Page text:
Today, please say your prayers for those who lost their lives on that awful day and in the days thereafter. Including our men and women in uniform taking the September 11 fight to our enemies around the world who did these awful things to us.

May God bless America. And long may the Stars & Stripes wave overhead, a proud beacon to us all. The flags at Ground Zero in NYC, at the Pentagon, in the Pennsylvania field — all have very special meaning to Americans.

Separately today in this space I will share my notes of September 11, 2001, when I was the American Airlines responder in New York City.

Did You Celebrate American Labor — on Labor Day 2016?

by Hank Boerner

Monday, September 5th is Labor Day, 2016. Did you celebrate American labor today? The American worker built this great nation and the day is set aside to remember the men and women of past and present and their contributions to the Making of America.

The origins of the national holiday go back to the 1800s and the beginning of industrialization of the United States economy. The first celebration was in September 1882, organized by labor unions — in New York City.

Cities, then states began to adopt Labor Day legislation. New York State was apparently the first state to consider such a rule; Oregon has the honor of being the first state to adopt the official holiday. After 23 states adopted the holiday, the Federal government declared the first Monday of September to be Labor Day in 1894.

As a young person, I can recall parades of workers — and especially union members, men and women — marching with banners proclaiming their organizations (locals, etc.). No more. We are apparently too jaded for that kind of celebration. And unions are under fire these days; membership is way down from historic levels.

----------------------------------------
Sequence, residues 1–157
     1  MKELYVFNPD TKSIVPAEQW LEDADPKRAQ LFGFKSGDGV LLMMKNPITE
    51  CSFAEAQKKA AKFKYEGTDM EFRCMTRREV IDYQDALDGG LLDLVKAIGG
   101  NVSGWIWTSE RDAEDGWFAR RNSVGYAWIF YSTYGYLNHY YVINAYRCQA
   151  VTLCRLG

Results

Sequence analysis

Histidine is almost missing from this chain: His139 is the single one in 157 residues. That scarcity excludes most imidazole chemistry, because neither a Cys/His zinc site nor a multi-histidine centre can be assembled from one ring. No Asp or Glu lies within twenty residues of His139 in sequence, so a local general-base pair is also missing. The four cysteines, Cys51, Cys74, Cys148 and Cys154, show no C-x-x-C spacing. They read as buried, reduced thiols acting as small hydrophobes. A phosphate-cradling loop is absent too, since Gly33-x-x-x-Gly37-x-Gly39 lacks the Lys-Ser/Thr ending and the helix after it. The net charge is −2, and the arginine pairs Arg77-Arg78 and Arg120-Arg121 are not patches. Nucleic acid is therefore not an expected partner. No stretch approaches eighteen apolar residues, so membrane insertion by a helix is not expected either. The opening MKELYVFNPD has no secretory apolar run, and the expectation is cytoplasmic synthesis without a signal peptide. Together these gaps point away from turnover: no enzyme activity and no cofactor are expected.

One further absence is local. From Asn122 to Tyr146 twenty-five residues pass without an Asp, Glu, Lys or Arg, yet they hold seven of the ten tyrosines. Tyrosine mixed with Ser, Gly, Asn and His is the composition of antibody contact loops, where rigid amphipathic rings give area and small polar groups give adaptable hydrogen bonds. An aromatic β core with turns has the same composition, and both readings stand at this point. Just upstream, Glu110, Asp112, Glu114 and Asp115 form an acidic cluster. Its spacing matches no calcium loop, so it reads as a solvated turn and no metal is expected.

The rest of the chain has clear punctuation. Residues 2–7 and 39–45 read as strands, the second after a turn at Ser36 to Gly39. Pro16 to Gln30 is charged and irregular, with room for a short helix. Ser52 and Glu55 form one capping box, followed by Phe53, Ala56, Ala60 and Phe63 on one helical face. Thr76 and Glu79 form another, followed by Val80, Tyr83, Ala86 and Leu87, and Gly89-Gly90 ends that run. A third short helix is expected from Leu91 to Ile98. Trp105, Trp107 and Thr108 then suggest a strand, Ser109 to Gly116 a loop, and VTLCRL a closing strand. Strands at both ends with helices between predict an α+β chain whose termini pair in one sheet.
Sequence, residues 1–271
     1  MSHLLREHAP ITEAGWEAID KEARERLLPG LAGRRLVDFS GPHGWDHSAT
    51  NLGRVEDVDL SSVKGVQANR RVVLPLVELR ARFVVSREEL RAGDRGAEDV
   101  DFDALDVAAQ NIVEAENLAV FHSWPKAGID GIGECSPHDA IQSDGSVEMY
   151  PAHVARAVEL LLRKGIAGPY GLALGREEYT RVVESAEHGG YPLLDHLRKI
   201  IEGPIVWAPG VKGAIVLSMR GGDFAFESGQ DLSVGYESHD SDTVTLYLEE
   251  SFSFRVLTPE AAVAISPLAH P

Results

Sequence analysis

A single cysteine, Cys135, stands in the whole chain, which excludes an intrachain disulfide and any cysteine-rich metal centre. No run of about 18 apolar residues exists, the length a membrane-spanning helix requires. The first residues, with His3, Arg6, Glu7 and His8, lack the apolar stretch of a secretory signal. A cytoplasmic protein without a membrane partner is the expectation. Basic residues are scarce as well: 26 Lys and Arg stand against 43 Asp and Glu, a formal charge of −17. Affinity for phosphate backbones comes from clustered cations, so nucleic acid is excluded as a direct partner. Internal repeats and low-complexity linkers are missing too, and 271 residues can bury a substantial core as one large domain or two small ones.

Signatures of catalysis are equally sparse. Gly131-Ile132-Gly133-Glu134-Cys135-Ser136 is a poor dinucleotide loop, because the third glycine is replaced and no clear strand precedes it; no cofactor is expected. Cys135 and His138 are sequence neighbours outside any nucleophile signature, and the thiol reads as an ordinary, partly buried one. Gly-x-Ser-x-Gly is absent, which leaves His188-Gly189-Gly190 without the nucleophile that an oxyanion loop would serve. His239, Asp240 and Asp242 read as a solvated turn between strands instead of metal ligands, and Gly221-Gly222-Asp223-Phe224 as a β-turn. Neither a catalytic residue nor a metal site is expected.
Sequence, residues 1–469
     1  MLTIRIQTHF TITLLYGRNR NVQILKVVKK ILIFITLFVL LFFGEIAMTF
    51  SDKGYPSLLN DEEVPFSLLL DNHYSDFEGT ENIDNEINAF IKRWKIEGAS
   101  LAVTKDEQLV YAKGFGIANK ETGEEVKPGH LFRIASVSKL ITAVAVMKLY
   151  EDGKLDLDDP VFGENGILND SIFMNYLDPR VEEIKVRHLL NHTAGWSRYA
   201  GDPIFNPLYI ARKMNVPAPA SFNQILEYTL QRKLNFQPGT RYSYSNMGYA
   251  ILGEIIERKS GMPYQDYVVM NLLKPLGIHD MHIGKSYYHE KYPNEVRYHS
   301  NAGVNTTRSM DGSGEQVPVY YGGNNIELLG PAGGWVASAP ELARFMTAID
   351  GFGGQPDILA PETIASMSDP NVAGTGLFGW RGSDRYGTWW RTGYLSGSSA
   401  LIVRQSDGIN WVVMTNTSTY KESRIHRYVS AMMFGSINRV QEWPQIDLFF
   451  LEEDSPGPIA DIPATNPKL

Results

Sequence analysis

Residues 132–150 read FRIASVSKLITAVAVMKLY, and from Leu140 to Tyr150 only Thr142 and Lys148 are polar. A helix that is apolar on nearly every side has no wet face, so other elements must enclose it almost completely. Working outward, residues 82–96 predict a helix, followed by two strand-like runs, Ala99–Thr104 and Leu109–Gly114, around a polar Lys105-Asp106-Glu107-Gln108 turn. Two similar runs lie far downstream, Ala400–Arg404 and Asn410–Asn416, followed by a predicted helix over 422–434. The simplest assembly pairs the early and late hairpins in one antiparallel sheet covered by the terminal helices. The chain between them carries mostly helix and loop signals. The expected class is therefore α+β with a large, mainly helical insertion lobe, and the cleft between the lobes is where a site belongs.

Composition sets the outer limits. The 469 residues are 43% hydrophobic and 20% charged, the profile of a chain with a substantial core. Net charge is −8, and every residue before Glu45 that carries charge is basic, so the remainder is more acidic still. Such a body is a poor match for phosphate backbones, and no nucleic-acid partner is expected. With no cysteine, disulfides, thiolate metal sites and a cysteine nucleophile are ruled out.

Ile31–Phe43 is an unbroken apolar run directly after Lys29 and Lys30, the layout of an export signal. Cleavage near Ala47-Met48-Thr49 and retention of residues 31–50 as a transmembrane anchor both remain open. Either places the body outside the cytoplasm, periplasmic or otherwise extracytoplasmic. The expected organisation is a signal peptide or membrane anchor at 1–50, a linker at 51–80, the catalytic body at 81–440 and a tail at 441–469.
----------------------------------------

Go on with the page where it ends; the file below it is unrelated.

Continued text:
But did you stop today at all to remember — to celebrate – the American working men and women? (That’s pretty much all of us, isn’t it!).

We’ve lost many jobs to outsourcing, downsizing, movement of plants to foreign shores, and more. But we are a resilient people — and American labor is still the most productive in the world, according to some expert sources.

Hope you did.  And now it’s back to work!

Our Flag – the Pledge – Our Beloved Star Spangled Banner – Symbol of Civil Rights Protest or Devotion to Country?

By Hank Boerner

Our Flag – the Pledge – Our Beloved Star Spangled Banner…
Symbol of Civil Rights Protest — or Devotion to Country?

The dust up over the stand/don’t stand situation in the National Football League — when the U.S. National Anthem is played — is disturbing to a lot of people.

Is this about “protesting” the life & death friction between a handful of police officers and African-Americas? About First Amendment-guaranteed free speech rights being exercised? About using a very visible public arena — football is “America’s game” after all — to bring attention to serious social / societal issues? All of these? And more — what about this being a case of disrespecting the treasured American flag (the stars and stripes, which the national anthem honors)?